052. Alleviating Bloatware, First Attempt

“Microsoft’s Office 97 contains 4,500 commands for features both useful and arcane.” in “Microsoft May Face Backlash Against ‘Bloatware’”—WSJ, 11/18/96

What happens when your biggest strength and greatest asset as a product development organization becomes your biggest weakness? Perhaps that is inevitable. With so many potential disruptive forces, at least that’s what we were hearing, it was almost too much that the very thing we really excelled at—building new features—would become a problem. While the idea of software bloat or even the phrase bloatware was hardly new, it was being applied increasingly to Office. This is the story of the first attempt at doing something about this issue.

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Back to 051. HTML: Opportunity, Disruption, or Wedge


Microsoft may face a backlash against 'Bloatware'
This Wall Street Journal article became a symbol of what we needed to fix about Office when it came to bloat. “Feature Shock” and “4,500 commands for features both useful and arcane” not to mention “[IT director] couldn’t care less” were enormously painful to read. This article was one I carried with me all the time for my entire tenure in Office. (Source: personal collection, WSJ November 18, 1996)

Features. That’s all we ever talked about. Adding features. Fixing features. Missing features to be added or fixed. Office achieved the position it achieved, as precarious as it seemed now with the rise of the WWW and Internet, by adding more features with more regular releases of new versions than competitors. Reviews focused on features and we won reviews. We had built a team, an engine to add features.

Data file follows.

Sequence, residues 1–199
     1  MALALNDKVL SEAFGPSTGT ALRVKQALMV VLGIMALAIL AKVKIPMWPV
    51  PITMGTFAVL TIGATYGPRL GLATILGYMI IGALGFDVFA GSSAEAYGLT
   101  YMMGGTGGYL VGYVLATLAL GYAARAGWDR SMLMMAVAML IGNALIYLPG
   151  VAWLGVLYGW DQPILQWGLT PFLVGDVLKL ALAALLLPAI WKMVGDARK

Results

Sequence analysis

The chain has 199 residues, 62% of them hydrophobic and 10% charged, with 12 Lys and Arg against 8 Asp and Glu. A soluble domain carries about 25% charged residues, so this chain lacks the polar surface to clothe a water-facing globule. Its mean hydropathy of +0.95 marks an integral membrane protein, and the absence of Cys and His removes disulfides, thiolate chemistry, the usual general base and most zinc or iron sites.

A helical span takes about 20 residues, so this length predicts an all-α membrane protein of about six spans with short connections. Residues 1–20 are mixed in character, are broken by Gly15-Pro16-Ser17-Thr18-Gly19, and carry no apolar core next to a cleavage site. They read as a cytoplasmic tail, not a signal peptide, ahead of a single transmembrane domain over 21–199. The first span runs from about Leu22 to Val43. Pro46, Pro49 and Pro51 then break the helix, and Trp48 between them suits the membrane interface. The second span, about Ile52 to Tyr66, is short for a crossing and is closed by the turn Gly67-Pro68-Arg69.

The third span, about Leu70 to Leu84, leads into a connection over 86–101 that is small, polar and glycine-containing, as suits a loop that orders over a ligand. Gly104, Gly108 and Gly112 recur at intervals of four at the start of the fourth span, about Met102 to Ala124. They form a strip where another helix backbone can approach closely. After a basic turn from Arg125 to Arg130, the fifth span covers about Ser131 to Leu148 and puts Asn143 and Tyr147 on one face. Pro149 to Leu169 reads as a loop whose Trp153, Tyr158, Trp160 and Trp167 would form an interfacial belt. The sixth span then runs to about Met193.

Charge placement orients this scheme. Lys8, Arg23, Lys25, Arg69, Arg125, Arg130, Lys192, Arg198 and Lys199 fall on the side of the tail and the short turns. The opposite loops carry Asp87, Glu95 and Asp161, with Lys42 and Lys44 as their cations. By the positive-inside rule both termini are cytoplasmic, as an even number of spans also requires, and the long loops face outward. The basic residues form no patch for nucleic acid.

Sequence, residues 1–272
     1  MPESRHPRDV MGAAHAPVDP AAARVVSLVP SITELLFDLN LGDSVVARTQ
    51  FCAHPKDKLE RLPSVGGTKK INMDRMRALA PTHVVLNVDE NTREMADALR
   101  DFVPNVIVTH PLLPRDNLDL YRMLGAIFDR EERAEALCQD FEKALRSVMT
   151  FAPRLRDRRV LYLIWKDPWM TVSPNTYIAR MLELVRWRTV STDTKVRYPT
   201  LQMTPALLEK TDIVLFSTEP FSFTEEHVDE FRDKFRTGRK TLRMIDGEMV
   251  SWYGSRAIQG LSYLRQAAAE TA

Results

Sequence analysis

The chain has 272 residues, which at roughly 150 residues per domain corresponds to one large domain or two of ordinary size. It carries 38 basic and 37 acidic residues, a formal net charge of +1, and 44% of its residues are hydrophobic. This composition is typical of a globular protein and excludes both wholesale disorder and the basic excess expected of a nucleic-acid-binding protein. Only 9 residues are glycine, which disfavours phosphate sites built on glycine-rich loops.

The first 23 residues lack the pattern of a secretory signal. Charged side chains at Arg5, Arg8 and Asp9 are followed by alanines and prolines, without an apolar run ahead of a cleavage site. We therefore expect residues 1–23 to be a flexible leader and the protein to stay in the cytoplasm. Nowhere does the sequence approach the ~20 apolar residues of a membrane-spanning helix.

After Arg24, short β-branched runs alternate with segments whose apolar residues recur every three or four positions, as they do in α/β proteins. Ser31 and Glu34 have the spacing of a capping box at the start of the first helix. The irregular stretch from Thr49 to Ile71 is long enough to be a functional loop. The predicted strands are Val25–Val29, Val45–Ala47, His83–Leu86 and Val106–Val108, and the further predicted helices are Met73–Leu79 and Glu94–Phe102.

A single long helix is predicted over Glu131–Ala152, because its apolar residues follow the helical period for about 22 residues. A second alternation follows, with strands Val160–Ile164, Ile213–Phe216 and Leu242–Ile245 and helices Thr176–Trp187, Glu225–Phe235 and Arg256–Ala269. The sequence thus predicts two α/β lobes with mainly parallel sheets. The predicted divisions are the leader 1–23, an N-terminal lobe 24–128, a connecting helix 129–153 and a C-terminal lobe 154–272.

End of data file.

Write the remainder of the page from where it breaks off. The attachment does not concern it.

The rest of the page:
As fast as Clippy could appear after hitting the F1 key, it seemed as though our greatest strength and our most significant asset—features—had become a great weakness. We went from dominating competitors with more well-executed features to being crushed by the perception of the weight of our products. The industry latched on to the expression bloatware to describe products that seemed to have too much—too many features, too many megabytes, too slow, too difficult to use, or simply too much.

It was one thing to develop a strategy to address a customer problem we had created, albeit inadvertently, when it came to total cost of ownership. We even committed to building fewer productivity features, despite the internal backlash over personal productivity moving to priority six. It was entirely another thing, however, to look at what we built and be pressured into admitting customers didn’t want or need it. They were buying it by the millions of copies.

Were customers, press, and analysts right? Did we have a product problem, a technology issue, or a marketing challenge, or some combination? Of course, the development team was convinced marketing wasn’t convincing people how amazing the product was. Marketing was certain the dev team was not delivering business value. Press and analysts were relentless. What could we do?

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